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IT ALL STARTS WITH YOU

By DARRYL SIMMONS

Now that we’re basically done with the pandemic—or have at least learned how to deal with it—all shops can get back to the real issues facing their business, namely profitability, sustainability, image building and attracting more qualified personnel.

Oh, and that one item usually spoken in hushed tones, if it’s mentioned in public at all: door rates. All these items are connected; fix one and the others will start falling in line. The downside is that if we lose on one, we’ll lose on them all. Shop owners often ask me why they can’t get their rates on par with mechanical rates. I agree that they should be, and I have some opinions. It comes back to my solution above—repair the image, attract more good people to the great group here already and get better pricing based on the payor’s (read: insurer to most) newfound respect for the way your business is being run. Oh, and by the way, make sure there’s some solid, trackable training in place.

This will serve to separate those who truly want to make a positive impact from those who just want to ride the coattails of the shops putting in the work. There’s an old saying I think is appropriate here: who is going to pull the wagon if everyone wants to ride?

It’s time for each and every one of you shop owners to decide if you’re happy with the way things are or if you want to see some change. Once you’ve made this decision—and I’d be willing to bet money on which choice you’ll pick—the next step is to start talking with other people in the collision repair business who share the same challenges and issues that you do.

Currently, there is no national association that even attempts to say it serves collision repairers. We have some provincial ones doing a great job, but nothing that is countrywide, even though the challenges are universal. At Collision Repair magazine we realize there is a void and are working towards setting up a framework that will be the genesis of a national association serving the needs of Canadian collision repairers.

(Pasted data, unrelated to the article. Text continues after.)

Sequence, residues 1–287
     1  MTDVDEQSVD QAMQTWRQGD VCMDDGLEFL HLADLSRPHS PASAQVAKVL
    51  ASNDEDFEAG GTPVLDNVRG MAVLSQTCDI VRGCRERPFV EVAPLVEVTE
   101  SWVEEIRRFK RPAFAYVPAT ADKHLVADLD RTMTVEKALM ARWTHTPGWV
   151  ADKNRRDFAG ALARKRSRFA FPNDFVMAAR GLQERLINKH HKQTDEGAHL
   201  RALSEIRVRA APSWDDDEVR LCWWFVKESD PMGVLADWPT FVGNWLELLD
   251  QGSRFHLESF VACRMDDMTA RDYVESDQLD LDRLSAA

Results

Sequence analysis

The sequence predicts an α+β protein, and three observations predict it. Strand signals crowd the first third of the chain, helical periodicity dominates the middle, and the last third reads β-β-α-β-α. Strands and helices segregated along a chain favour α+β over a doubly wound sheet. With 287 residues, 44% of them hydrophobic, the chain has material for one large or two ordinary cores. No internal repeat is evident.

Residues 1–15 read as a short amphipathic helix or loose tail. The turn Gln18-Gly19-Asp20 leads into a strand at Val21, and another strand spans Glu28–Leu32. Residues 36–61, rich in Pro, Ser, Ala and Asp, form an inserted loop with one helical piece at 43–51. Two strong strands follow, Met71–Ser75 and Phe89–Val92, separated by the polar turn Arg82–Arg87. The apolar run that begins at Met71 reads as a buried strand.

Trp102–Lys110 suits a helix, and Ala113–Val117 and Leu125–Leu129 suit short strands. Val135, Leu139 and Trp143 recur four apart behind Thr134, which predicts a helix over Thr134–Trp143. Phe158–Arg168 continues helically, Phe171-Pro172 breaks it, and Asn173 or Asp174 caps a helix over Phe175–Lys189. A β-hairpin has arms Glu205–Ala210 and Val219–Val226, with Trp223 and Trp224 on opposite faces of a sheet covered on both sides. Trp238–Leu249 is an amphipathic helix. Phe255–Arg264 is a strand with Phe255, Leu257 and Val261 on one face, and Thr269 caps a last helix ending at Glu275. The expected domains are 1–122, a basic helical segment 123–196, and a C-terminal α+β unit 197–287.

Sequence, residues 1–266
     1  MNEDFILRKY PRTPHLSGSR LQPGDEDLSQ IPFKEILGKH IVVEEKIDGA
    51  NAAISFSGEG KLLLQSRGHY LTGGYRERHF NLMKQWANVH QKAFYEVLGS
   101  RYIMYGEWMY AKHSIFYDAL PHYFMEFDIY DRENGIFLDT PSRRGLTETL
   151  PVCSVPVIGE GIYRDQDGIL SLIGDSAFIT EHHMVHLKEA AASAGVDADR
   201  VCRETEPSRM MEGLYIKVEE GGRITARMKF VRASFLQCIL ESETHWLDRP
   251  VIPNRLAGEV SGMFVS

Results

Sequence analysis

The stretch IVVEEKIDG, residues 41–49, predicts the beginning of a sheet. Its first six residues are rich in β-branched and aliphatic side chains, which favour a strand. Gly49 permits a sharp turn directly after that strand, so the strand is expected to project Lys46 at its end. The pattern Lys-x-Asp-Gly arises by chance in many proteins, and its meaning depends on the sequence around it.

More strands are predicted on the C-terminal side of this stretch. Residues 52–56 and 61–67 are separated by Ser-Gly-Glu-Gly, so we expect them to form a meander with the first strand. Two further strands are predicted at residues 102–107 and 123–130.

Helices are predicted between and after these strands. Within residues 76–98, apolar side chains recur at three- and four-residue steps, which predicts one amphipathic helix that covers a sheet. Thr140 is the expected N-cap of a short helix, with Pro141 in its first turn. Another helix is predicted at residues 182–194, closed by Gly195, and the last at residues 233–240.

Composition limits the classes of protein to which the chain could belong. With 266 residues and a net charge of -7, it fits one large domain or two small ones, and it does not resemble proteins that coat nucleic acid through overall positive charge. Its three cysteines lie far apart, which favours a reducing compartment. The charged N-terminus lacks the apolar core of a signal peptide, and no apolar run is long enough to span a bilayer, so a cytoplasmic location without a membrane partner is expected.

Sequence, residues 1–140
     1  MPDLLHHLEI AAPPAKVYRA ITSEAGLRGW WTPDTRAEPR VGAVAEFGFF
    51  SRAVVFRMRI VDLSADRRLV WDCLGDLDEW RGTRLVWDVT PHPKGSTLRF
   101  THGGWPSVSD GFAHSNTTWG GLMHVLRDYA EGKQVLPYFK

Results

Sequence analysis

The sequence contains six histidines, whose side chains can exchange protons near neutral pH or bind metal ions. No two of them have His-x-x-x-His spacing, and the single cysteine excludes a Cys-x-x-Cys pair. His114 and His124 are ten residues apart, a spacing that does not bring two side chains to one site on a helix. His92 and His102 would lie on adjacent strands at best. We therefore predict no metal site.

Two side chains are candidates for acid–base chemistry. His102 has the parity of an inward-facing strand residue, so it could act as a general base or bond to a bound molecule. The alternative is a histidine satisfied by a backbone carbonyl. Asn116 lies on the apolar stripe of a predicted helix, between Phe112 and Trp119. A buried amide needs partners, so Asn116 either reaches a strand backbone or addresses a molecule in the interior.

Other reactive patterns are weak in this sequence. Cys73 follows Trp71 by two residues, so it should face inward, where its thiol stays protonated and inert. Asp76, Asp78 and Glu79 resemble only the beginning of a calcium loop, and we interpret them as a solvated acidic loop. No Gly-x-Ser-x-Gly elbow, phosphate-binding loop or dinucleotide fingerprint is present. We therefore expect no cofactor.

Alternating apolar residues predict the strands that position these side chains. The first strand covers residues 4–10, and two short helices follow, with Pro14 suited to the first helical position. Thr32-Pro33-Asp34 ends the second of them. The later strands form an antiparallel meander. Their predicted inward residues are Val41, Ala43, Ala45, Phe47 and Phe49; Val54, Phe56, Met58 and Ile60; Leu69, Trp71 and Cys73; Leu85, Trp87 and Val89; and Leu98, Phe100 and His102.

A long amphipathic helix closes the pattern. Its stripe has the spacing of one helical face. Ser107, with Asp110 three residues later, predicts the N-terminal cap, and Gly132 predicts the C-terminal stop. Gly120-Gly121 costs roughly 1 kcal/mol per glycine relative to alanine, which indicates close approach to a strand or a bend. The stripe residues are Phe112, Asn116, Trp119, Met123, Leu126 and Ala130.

A couple of years ago we set up a website to help consumers weave their way through the collision repair process. We appropriately named it the Collision Repair Bureau. Please visit it at www.collisionrepair bureau.com. This site was built with the intention to accept membership behind a password-protected login. The goal, in addition to helping consumers, was and still is to be a focal point for a Canadian association. Take a look and let me know if you as a repairer are interested in joining such an association and if so, what would you like to see it do. If you think a national association is not needed, I’d love to hear your views on that as well.

Most importantly, start talking about your ideas. Let your ideas out, and we’ll soon know if we are flat-out wrong or if there are others who share our goals. When we find others who agree, we’ve got the start of a solid communications chain. In the age of the internet, this is as easy as clicking a button on the www.collisionrepairbureau. com website.

We all know most people want to say something—but if truth be told, few people really have something to say. And those who do are usually quiet. Now is the time to have your say. This is how we can create a true industry voice. It starts with individual whispers and builds into some chatter. It gets louder and louder and the next thing you know, everyone is listening. And when people listen, things get done. It’s time to get things done.

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